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Luo Zhaohui is China's ambassador to Canada.

Chinese Minister of Foreign Affairs Wang Yi paid an official visit to Canada from June 1 to 2, 2016. This is the first visit to Canada by a Chinese foreign minister in seven years and also Wang Yi's debut in Canada in his capacity as foreign minister. His visit is of special significance and has yielded positive results.

First, the Chinese side expresses thanks to the Canadian side for its exceptional arrangements for Minister Wang Yi's visit. Minister Wang felt honoured to meet with Governor-General David Johnston and Prime Minister Justin Trudeau. During the meetings, Wang conveyed the Chinese leaders' cordial greetings to the Canadian leaders and stressed the importance China attaches to developing relations with Canada. He also expressed China's willingness to host Canadian leaders in China.

The Canadian leaders shared with Wang Yi their views on how to strengthen Canada-China relations in the months and years to come. Both sides expressed high expectations for and confidence in joint efforts to focus on co-operation, properly manage disputes and differences, and bring about a new "golden era" of China-Canada relations. We appreciate the kind hospitality accorded to the Chinese minister by Global Affairs Canada and the Prime Minister's Office.

Second, Wang's visit marked the official launch of the China-Canada Foreign Ministers' Dialogue. Before his visit, there were over 40 mechanisms for dialogues and exchanges between the two countries. Unfortunately, the Foreign Ministers' Dialogue was not yet officially launched, though the two sides already agreed on the establishment of such dialogue in 2014. The primary purpose of Wang Yi's visit was to join his Canadian counterpart, Stéphane Dion, for the inaugural meeting of the Canada-China Foreign Ministers' Dialogue.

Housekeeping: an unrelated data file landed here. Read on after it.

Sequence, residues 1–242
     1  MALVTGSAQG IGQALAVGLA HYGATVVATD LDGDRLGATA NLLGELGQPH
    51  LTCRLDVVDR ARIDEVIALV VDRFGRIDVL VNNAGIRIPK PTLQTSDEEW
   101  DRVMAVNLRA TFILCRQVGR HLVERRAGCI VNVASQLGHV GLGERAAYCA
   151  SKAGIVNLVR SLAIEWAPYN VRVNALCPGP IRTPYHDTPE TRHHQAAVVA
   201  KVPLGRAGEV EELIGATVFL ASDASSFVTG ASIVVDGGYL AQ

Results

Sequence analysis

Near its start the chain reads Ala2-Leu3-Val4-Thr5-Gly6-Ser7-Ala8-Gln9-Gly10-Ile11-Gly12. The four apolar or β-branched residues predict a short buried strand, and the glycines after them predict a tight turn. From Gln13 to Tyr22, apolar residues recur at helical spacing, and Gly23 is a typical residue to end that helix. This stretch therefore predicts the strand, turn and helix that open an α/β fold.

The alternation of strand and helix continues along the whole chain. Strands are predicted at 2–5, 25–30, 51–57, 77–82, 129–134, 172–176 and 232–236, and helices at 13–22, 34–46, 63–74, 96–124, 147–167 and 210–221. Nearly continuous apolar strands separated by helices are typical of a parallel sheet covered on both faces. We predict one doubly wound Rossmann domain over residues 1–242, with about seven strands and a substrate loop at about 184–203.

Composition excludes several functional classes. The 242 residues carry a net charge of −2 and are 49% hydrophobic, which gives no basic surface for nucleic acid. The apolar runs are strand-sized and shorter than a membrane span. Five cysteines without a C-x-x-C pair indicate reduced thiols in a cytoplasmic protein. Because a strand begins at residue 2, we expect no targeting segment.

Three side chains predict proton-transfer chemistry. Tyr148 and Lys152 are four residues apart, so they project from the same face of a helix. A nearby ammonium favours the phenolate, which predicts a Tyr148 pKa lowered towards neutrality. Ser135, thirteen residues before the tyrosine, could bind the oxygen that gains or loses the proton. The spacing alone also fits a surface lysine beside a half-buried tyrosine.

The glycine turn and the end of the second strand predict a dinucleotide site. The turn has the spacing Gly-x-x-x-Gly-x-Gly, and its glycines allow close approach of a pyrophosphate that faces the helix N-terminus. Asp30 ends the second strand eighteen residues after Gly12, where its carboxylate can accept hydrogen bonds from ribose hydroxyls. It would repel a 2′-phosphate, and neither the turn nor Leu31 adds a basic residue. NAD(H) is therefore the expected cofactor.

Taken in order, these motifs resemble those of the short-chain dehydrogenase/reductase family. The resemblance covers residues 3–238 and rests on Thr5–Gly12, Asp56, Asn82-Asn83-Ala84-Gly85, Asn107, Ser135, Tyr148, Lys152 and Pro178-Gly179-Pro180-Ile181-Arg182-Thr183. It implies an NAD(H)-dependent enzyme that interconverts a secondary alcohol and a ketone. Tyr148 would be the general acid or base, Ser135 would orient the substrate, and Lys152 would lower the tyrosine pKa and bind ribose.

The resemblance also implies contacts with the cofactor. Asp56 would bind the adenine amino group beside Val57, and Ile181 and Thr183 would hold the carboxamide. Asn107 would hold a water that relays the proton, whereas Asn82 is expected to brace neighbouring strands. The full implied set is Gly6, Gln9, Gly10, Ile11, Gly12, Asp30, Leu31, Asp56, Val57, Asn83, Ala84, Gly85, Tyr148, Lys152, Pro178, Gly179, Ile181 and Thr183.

Both ministers spoke highly of the launch of the dialogue, which offers a new platform for strengthening and co-ordinating the bilateral exchanges and co-operation in various fields.

Wang Yi invited Stéphane Dion to visit China and co-host the second meeting of the Foreign Ministers' Dialogue at his convenience. Dion accepted the invitation with pleasure.

Third, Wang's visit was also to make preparation for the envisaged high-level visits from a political perspective. Both sides agreed in principle on the exchange of visits between Chinese and Canadian leaders before the end of this year. Wang's visit was also an occasion for the two sides to compare notes on the agenda and outcome of the leaders' visits. Wang expressed appreciation of Canada's positive attitude towards high-level visits and thanked the Canadian side for its recognition of China's economic growth and its desire for stronger co-operation with China. He also commended Canada's adherence to one-China policy.

In order to advance China-Canada relations, Wang also made a ten-point proposal, which includes among other things: strengthen exchange of high-level visits; expand bilateral trade; increase contacts and exchanges at the provincial and local levels; promote student mobility between the two countries; strengthen co-operation in the administration of justice, law enforcement, combating corruption, hunt-down and surrender of fugitive offenders, and recovery of illegal proceeds; and identify and develop landmark projects of mutually beneficial co-operation in areas of innovation, energy resources, energy efficiency, environmental protection, infrastructure development and connectivity, and modern agriculture.

Wang's proposal has been positively received by the Canadian side. China adopts a positive attitude toward the start of negotiation of a China-Canada free-trade agreement (FTA), which is believed to benefit both sides and contribute to win-win co-operation.